Attorney General Jeff Sessions publicly has called the practice into question. Setting aside the legal minutia, he addressed the importance of the issue for non-lawyers, writing “This is a question of who gets to decide the policy questions facing America: Is it our elected representatives, or elected president, or unelected lifetime-appointed federal judges?”

In an age rife with partisan hostility, this is a vital question to be asking. Voters provide electoral mandates to their Congress, and to the president. Judges are asked to interpret the law neutrally, not to decide its outcome. Nowhere does the Constitution grant judges the right to veto a president’s actions because they disagree with him on policy grounds. As UCLA law professor Samuel Bray put it, “payback is no way to run a legal system.”

So what can be done? How can our federal system return to one president, rather than a president who is forced to defer to multiple self-appointed legal chancellors? 

Legal scholars and members of Congress are posing solutions. The Constitution also provides avenues to restore the badly undermined separation of powers. The last piece in this series will lay out options for restraining a practice that threatens not just President Trump’s agenda, but the very nature of our representative government.

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‘Never Again’? Omnibus Bill Is a Product of the Swamp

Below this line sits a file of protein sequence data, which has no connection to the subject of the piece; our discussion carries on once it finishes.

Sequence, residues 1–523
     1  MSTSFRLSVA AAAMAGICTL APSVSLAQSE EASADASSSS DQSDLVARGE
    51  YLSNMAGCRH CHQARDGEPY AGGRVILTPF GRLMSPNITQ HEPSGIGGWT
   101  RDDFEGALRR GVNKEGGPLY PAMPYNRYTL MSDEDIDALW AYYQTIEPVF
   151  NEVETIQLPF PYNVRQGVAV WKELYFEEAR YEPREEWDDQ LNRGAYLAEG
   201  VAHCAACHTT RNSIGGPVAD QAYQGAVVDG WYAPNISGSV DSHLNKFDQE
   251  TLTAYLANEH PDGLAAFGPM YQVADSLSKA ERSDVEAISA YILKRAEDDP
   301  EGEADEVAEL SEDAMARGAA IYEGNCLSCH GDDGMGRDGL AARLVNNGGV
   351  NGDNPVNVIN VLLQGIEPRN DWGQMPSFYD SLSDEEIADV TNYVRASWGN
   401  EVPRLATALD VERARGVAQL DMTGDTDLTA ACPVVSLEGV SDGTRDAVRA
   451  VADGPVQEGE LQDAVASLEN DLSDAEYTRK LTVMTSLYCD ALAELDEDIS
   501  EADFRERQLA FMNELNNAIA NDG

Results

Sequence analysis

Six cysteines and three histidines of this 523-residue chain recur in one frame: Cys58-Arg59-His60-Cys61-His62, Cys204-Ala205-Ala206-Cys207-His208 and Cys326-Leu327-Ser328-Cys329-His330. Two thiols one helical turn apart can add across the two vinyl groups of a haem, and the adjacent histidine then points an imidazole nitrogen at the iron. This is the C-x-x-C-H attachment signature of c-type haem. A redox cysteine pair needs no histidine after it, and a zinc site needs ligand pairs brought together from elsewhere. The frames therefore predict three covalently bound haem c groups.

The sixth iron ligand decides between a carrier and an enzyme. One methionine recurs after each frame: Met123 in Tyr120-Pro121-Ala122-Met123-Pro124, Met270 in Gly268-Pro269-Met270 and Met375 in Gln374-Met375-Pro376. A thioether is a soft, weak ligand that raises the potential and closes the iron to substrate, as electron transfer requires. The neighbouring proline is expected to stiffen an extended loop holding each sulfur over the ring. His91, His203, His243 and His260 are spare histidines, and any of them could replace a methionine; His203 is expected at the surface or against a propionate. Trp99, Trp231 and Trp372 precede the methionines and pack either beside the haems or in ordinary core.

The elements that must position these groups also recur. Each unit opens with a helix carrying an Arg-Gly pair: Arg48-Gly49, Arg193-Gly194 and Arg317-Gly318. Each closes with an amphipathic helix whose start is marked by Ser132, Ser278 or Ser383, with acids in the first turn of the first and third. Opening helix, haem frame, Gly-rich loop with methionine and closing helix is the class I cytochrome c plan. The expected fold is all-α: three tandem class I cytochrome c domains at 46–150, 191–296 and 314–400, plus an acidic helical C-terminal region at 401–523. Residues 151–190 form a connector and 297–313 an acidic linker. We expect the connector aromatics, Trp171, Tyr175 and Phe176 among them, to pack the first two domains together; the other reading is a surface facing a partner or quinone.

Thinking about the $1.3 trillion—that’s “trillion” with a “t” for “terrifying”—omnibus spending bill that President Trump signed on Friday, I wonder who is most unhappy about that incontinent, 2,232-page monument to congressional irresponsibility. (A small token of its irresponsibility—and its contempt for the public—was that the bill had to be signed a mere 17 hours after being passed by the Senate. “Otherwise”—cue the scary voice and Halloween music—“the government will shut down!” Is that a threat or a promise?)

There have been all sorts of lists of winners and losers. Chuck Schumer (D-N.Y.) said that “We Democrats are really happy” with the bill, which will stuff enough cash into the bloated congressional gizzard to keep the government wheezing along through September. Many, nay most, on the other side of the D.C. gastrointestinal tract are not happy. “With Omnibus Signing,” as one representative headline put it, “Trump Formally Surrenders To The Swamp.”

I had myself, like other fiscally responsible Americans, hoped that President Trump would veto that bill, as he suggested he might as late as Friday morning. Still, it is well to keep in mind a fundamental truth that some canny tweeter put with pithy conciseness: “Regardless of how you feel about the #omnibus, it’s still a good day when you wake up and realize Hillary Clinton is not our president.”

True, too true. And remember, politics in democratic countries always involves compromise. I was not convinced that the president got enough of what he wanted—a measly $1.6 billion “down payment” for the border wall, for example (he wanted $25 billion) in exchange for the Candyland giveaways to the Dems. But let’s leave the particular budget items to one side. The bill was simply too big. I think the government should spend less money, especially on things unrelated to national security. That Republicans, reputedly the party of fiscal sanity, occupy the White House, control both houses of Congress (as well as a majority of state legislatures and governorships) and that this is is the best they can do suggests how difficult public thriftiness is.